Along with fish handling, rig safety is one of the things I take very seriously here at The Graviers...
Developments in anglers rigs, and in the rig components used have advanced enormously in recent years, which can only be described as all good news.
Most Carp anglers of today actually want to fish safely, and understand the importance of safe rigs and the effect they have on our fishing, and the fish welfare on any chosen water they fish.
It does not take a genius to work out that if on your chosen water everyone was to fish death rigs, with fixed leads and damaging hook patterns, that not only would the stock of fish deteriorate rapidly and eventually all die off, but the couple of years it would take for this to happen would be spent catching mutilated fish with no mouths!...and that's something that is effective from the minute un safe rigs are used!
One bad rig is all it takes to injure or kill a Carp....don't rely for one minute on the fish ejecting the rig themselves with out injury. Such terms as "it will shed the hook" or "it will dump it in the weed" roll off the tongue fairly easily when a fish is lost with a rig in it....But the reality is they will actually rip it out of their face on the first weed bed, or snag they can find!
Just because we buy all of our rig components from a known and respected tackle company, does not mean that all the components of the rig will work in harmony together.
For example...a simple upgrade in line size could see our usual protective rig tubing become a real problem as the diameter of it's bore will no longer slide freely on the larger diameter line!...or a new lead clip, straight out of the packet could have a bit too much resistance for shedding the lead unless it has been loosened up a bit first....or what about an accumulation of tubing, back leads and rig putty used to pin the line down, actually stopping a running lead from running!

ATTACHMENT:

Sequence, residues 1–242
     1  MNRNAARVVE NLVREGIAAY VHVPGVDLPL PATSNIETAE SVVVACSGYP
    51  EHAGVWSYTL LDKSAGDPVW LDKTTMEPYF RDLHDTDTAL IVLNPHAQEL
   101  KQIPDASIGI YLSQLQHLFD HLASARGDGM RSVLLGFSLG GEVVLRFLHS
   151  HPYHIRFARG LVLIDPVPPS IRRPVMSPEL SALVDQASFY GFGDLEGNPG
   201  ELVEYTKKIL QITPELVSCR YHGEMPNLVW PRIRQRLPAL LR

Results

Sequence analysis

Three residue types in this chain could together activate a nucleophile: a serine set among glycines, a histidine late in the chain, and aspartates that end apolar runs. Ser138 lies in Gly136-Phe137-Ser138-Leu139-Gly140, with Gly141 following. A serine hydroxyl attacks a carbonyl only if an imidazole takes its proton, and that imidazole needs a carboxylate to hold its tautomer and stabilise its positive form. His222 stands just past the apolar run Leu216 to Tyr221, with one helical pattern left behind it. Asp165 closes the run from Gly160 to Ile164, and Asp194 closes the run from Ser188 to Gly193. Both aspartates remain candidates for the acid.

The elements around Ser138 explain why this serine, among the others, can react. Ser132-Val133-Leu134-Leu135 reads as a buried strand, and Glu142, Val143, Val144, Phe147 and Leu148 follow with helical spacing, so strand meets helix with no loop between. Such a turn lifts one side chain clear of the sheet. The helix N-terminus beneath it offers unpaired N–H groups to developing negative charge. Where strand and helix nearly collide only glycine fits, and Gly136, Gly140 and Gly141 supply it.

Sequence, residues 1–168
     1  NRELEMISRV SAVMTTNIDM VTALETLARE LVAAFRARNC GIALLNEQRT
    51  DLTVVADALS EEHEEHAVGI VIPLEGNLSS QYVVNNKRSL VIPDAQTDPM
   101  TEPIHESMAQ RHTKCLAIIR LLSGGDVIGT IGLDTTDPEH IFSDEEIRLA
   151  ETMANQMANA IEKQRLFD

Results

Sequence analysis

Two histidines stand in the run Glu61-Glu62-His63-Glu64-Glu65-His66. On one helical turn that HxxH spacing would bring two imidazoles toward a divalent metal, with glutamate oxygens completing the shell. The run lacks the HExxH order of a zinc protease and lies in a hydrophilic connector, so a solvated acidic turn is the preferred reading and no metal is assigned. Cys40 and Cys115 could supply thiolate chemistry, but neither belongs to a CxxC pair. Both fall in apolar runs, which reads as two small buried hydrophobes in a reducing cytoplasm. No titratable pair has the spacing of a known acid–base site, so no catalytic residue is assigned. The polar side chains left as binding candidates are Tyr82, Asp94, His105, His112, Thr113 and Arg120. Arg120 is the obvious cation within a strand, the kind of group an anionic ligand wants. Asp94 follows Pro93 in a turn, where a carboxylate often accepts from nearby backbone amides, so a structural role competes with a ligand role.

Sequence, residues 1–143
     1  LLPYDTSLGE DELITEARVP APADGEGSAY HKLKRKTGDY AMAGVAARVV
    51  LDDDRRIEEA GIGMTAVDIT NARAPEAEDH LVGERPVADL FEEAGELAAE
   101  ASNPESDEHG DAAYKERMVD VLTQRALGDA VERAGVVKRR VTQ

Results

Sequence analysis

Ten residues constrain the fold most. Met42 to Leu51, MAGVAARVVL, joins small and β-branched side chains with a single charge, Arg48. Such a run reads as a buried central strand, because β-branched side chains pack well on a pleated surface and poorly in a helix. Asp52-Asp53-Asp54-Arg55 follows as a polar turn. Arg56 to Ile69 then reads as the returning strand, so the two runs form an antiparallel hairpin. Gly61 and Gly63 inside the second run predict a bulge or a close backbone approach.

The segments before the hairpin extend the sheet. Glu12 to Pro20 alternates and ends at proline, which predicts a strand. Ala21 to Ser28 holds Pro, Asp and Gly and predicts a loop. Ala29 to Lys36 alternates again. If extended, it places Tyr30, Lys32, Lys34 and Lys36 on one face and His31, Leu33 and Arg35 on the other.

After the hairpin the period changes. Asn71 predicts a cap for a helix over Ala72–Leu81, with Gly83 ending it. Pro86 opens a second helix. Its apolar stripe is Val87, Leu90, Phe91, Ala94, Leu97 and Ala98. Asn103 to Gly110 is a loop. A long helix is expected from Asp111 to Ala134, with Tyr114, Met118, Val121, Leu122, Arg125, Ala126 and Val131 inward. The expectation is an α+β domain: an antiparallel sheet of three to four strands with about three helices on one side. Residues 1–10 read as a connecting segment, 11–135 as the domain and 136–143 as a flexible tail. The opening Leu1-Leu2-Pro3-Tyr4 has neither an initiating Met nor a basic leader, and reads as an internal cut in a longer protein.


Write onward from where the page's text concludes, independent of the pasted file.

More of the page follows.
Just by simply "stretching" a lead clip out before you use it will enable a much easier ejection of the lead.
Here at The Graviers I "rig check" everyone before they start their fishing....now, no doubt some people don't like the idea of all that, but it's only done to eliminate the little errors that can happen, the over looking of small details such as the examples mentioned above, which if not eliminated can cause what is believed to be a safe rig, to become a dangerous one.
Every angling situation is different, certain rigs could be safe for some applications, but could become dangerous in others....
There is usually a solution to every problem, but it always comes down to the anglers responsability....and it's just a case of taking the time to evaluate the situation we intend to fish in, and checking that our rigs work as they are supposed to, before fishing with them...it's as easy as that.